macbroadcast´s blog


Germany Is Not Allowed To Talk In Hangout Air

Just heard about it:

Source

 

How low can you go? Who is to blame for that.
The new big thing is going on without Germany…again. “Hangouts on Air” are not available in Germany.

F**k who? Germany or Google?

Not only that you can’t start a HoA from a Germany IP, no can’t even join one. It’s ridiculous. This situation is not acceptable. While some say the “Rundfunkmedienstaatsvertrag” (Interstate Broadcasting Agreement), a law in Germany, is too blame, I doubt it. This law would probably violate the constitution and get ousted by the BVerfG, if it really would reach for having a public hangout.

Even if this law would possibly be interfere, I would have demand Google to do it anyway and possibly giving the responsibility to their users. If the Germans can’t technically make actions against a malicious law, then the Internet is doomed once and for all. It’s a localnet then.
All Google needed to do imho, would have been stating there is no support in other countries, and users need to act according to local laws. So then everyone could go against that in court, if one gets sued by whoever want to sue a private person for having a hangout in public. I’m quite sure such a case would have no substance in court.
But this way, Germans can’t do anything. Is Germany still a free country? I mean Saudi Arabia and the UAE are allowed to have Hangouts on Air, and Germany not? Really?

Google, lawyers, politicians, I don’t know who to blame, but on Ustream.tv and Justin.tv and many other audio streaming services, you can stream without limits even from Germany. So I would have thought Google had a bit more courage against non-free countries.  Germany apparently doesn’t have the same level of free speech than other countries in Europe have. Or is it just that Google didn’t launch it there? Like Google Music?

 

More articles in german:

Staatsvertrag verhindert Start von Google Hangouts On Air in Deutschland

http://dirk-baranek.de/internet/staatsvertrag-verhindert-start-von-google-hangouts-on-air-in-deutschland/

Kein Hangouts on Air in Deutschland
http://www.meint-ihr-das-ernst.de/gesetze/kein-hangouts-on-air-in-deutschland/

YouTubes Livestreaming vor dem Aus?
http://blog.zdf.de/hyperland/2011/07/youtubes-livestreaming-vor-dem-aus/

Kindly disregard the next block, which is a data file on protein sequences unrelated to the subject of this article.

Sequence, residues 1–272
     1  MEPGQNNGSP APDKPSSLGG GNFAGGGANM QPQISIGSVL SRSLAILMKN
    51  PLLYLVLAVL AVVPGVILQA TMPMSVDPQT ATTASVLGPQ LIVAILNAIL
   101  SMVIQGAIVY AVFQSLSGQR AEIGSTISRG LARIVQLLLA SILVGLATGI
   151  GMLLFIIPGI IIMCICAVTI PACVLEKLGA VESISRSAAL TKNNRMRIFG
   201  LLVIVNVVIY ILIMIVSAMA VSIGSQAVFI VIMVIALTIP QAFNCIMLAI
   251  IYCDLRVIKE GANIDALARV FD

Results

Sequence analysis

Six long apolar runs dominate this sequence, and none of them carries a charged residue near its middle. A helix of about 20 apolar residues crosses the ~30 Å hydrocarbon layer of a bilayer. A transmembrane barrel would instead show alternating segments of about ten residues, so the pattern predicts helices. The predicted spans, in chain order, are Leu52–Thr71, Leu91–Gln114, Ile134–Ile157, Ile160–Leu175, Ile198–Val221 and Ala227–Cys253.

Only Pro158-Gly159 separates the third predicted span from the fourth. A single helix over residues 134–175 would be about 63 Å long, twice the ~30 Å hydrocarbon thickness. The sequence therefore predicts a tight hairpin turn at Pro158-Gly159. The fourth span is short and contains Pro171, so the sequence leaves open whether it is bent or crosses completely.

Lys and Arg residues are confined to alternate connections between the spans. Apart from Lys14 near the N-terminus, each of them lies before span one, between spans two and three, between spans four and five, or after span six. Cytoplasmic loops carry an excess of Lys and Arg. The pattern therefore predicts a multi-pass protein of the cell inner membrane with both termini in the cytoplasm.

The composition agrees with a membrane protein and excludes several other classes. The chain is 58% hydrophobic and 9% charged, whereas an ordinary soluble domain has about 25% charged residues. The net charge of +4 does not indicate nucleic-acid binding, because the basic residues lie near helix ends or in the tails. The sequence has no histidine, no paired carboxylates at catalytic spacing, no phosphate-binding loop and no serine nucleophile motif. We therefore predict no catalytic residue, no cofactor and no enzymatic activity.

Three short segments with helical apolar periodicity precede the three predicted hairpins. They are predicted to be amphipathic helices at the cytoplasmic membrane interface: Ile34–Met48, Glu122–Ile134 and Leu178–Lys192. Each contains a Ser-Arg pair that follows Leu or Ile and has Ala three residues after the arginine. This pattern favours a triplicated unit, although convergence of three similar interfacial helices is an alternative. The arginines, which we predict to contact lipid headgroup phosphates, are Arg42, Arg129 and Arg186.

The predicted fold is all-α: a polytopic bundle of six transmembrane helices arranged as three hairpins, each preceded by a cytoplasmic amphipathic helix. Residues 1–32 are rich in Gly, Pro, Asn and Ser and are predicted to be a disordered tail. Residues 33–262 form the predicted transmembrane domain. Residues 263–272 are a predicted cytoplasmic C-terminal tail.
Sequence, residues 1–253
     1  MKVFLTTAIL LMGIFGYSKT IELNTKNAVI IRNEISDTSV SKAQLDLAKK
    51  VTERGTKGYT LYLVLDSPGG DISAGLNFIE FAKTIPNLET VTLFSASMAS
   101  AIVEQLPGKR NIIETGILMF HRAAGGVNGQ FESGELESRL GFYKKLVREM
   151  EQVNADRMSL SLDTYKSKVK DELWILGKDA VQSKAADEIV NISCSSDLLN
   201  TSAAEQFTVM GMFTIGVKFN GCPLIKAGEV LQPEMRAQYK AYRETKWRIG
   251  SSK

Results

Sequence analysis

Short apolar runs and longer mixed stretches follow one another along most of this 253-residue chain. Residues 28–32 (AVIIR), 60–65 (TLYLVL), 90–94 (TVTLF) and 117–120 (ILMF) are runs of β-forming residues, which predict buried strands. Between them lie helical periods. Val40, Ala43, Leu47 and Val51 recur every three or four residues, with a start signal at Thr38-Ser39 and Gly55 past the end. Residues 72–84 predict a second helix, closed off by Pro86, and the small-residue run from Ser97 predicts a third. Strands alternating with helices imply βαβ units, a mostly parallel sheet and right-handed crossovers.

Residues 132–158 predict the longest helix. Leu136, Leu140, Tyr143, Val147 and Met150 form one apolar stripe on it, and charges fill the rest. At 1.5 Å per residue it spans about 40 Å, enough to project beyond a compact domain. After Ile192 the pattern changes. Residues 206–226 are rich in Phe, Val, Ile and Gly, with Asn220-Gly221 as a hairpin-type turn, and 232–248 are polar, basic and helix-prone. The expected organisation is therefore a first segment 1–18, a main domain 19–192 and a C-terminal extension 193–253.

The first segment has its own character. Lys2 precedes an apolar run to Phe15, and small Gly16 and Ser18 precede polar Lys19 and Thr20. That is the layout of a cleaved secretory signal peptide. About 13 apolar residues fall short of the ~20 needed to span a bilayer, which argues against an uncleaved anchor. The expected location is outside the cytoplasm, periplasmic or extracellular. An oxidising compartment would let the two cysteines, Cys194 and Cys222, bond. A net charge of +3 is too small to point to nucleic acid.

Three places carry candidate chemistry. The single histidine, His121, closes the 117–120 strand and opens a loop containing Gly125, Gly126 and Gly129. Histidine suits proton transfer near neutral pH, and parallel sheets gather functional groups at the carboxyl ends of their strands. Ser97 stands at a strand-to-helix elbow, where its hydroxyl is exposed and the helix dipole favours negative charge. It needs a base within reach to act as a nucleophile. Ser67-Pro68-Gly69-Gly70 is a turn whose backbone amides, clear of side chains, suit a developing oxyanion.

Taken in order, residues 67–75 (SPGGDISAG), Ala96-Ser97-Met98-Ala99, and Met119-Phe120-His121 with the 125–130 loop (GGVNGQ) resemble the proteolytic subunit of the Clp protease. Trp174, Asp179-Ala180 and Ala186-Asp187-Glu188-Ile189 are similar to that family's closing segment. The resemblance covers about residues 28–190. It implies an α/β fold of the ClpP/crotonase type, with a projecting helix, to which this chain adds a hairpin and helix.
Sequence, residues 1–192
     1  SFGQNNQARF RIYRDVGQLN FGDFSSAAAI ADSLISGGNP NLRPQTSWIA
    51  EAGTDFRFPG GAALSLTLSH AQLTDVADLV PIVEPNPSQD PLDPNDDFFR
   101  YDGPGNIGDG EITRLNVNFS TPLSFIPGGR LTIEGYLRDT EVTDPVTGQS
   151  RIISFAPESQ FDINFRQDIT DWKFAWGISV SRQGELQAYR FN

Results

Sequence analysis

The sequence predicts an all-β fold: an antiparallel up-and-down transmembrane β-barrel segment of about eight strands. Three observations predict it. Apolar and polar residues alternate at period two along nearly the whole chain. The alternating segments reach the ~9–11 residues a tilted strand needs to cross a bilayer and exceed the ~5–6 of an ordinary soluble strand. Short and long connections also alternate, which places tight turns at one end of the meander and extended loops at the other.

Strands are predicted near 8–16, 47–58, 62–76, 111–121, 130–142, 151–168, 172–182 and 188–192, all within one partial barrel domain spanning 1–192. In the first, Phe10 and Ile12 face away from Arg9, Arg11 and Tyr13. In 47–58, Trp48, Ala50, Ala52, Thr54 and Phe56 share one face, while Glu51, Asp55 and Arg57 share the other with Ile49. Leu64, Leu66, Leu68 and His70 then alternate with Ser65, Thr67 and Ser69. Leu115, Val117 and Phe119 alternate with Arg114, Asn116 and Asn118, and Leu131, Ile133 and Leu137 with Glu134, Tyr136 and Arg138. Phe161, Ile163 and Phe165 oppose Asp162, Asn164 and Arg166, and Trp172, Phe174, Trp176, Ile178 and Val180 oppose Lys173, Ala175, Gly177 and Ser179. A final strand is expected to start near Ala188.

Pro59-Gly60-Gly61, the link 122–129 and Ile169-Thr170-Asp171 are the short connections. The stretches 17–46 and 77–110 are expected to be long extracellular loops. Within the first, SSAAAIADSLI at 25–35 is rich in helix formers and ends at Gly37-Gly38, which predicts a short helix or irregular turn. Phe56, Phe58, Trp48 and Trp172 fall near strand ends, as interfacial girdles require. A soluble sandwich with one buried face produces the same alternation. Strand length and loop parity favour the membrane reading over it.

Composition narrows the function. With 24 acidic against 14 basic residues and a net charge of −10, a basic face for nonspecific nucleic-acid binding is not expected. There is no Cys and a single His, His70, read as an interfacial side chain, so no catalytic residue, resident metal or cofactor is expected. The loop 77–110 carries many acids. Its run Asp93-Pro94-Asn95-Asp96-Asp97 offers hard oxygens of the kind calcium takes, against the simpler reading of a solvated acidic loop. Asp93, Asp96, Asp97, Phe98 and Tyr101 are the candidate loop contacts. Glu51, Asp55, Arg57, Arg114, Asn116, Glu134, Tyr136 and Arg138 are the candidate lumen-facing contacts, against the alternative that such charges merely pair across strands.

Die Entwicklung von IPv6 – Deutscher IPv6 Gipfel
October 18, 2010, 2:40 pm
Filed under: ipv6, streaming | Tags: , , , ,

http://stream.hpi.uni-potsdam.de:8080/Archive/IPV6_SS10/IPV6_2010_06_25_02.ram?embed



Germany’s Supreme Court Suspends Controversial Data Retention Law
March 2, 2010, 10:31 pm
Filed under: Big Brother | Tags: , ,

According to German law, Germany’s ISPs and phone services had to retain data about every citizen’s phone calls and emails for six months. Today, however, Germany’s Federal Constitution Court suspended this law and ordered that all the data stored to date must be deleted immediately. According to German news magazine Der Spiegel, the court said that it wasn’t sufficiently clear that the data storage was secure enough and what exactly the data would be used for.

Suspended, But Not Dead

It’s important to note that this isn’t necessarily the end of this law and that the court hasn’t ruled the law unconstitutional – the court only ruled that the implementation of the law was severely flawed. The German constitution, according to the judges, doesn’t disallow saving this information. The European Union issued guidelines for data retention in 2006 that requires all E.U. member states to implement national data retention laws. According to the guidelines, all ISPs and phone carriers have to keep a record of all their customers’ phone calls and emails on a rolling six-month basis. The actual implementation of these guidelines remains up to the E.U. members, however.

For now, the court has suspended the law until it has been amended and its scope has been limited by the German government. The court recommends that the data will be stored by the ISPs and phone companies, but argues that there shouldn’t be a central, government-controlled repository for this data. In addition, the court also recommends that the data should be encrypted.

For ISPs, keeping all these records is a significant burden and many ISPs and phone companies had hoped that the court would rule the law unconstitutional so that they wouldn’t have to store this data anymore.

The next stop for the opponents of this law is the E.U., though it remains to be seen if there is enough support among E.U. countries to fight these guidelines.

Written by Frederic Lardinois

source